'The U.S. vs. John Lennon'

'The U.S. vs. John Lennon'

The Dixie Chicks' difficulties pale in comparison with John Lennon's. The man quoted (incorrectly) as saying the Beatles were more popular than Jesus caused an international uproar thereby.

Years of such brouhahas and 24/7 media coverage gave him the false sense that he could say anything he wanted with the Anglo-American impunity of free speech.

"The U.S. vs. John Lennon" is an excellent documentary reminder of how wrong he was, how musically brilliant he was, how politically powerful he and the Vietnam anti-war movement were, and how ferociously our government counterattacked.

Everybody's present and accounted for here: John and Yoko Ono, Strom Thurmond and J. Edgar Hoover, Abbie Hoffman and Jerry Rubin, George McGovern and Gore Vidal, G. Gordon Liddy and Angela Davis, Walter Cronkite and Dickie Smothers. Co-directors David Leaf and John Scheinfeld have rounded them all up -- dead or alive.

There's no doubt about anyone's point of view, including Leaf's and Scheinfeld's, but "U.S. vs. Lennon" is not a Michael Moore rant. It is, rather, a carefully extracted and constructed historical account with a fascinating assemblage of then-and-now interview footage, peppered by vintage news clips, showing how very different this rebellious Liverpudlian was from the other three-quarters of his Fab Four.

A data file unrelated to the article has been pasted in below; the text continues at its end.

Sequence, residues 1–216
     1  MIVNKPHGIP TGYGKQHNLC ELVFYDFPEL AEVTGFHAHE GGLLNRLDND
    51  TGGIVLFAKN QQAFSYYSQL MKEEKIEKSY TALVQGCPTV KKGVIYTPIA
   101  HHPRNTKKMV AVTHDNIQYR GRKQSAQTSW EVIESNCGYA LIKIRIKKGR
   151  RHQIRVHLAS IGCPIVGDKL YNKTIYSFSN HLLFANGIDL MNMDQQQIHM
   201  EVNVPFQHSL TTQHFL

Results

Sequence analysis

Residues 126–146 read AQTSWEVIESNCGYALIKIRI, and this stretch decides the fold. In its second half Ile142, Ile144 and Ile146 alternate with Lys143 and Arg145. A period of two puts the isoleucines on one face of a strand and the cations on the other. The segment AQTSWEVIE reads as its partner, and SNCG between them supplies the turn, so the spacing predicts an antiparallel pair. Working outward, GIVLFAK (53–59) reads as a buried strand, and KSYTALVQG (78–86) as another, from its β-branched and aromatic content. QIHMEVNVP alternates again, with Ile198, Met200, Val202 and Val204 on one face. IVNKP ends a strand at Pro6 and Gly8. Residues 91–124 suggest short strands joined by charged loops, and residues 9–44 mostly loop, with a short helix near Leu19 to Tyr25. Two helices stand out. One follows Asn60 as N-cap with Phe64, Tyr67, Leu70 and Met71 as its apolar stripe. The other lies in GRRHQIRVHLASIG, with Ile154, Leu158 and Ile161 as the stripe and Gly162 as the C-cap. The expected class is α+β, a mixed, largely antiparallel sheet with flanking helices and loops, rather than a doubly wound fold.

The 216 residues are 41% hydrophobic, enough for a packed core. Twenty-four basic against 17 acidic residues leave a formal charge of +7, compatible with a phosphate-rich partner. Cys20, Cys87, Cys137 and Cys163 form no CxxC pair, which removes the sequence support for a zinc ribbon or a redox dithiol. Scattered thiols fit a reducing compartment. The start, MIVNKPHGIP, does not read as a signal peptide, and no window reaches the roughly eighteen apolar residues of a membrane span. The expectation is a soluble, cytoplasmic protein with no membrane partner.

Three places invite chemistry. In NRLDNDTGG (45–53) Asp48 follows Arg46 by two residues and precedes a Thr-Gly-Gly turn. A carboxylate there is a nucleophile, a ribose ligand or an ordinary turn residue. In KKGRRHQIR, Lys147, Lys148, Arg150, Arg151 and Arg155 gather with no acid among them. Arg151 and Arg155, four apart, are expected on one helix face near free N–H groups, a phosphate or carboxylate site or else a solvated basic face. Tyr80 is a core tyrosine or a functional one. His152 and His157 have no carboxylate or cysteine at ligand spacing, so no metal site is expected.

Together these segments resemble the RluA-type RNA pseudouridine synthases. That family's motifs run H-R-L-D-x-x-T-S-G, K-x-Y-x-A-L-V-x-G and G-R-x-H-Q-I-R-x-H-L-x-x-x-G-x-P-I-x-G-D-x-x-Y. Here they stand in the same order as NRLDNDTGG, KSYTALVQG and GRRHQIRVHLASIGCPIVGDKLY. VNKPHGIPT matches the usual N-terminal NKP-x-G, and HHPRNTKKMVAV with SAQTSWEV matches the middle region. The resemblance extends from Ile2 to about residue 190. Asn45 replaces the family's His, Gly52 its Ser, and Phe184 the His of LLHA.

Our revolutionary peacenik's legal trouble began in earnest when his and Yoko's infamous weeklong "sleep-in for peace" (among other publicity stunts) produced public support and opposition -- plus a media circus -- beyond their imaginings.

Lennon's radicalization was heightened by his alignment with the Black Panthers and manipulated by Rubin and Hoffman to fuel the movement. Last straw for the paranoid Jedgar and Richard Nixon was Lennon's dynamic concert appearance on behalf of Detroit pothead John Sinclair (sentenced to 10 years for having two joints).

That footage, and the "10 for 2" song he wrote and sings in it, is perhaps the film's most riveting moment, along with his hilarious encounter with a condescending New York Times reporter in her office.

The technical basis for Lennon's deportation proceedings was his conviction for possession of "dangerous drugs" -- read: small quantity of marijuana -- in England years earlier. The real reason was the anti-war voice that he and his celebrity supplied in general, his "Give Peace a Chance" anthem in particular.

The CIA's illegal COINTELPRO domestic spying operation during the Nixon administration invites obvious comparisons with the warrantless wiretapping et al. dubious wartime practices in the name of "national security" today. At the heart of both is authoritarian secrecy and the cynical knowledge that, if and when such operations are "outed," the snail's pace of legal challenges will take years to stop the abuses.

Whether you love or hate or don't know Lennon -- whether you miss him (as I do) or not -- you should see this hugely informative film.

P.S. And guess what? Twenty-four years later, the government is still thwarting the Freedom of Information battle for release of the final 10 controversial documents in the FBI's Lennon-surveillance files.

La plus ca change, la plus c'est la meme chose: A quarter-century after his murder, the U.S. government is still afraid of John Lennon. John would enjoy the bitterly delicious irony of that. He is resting in peace, and they're still not giving it a chance.

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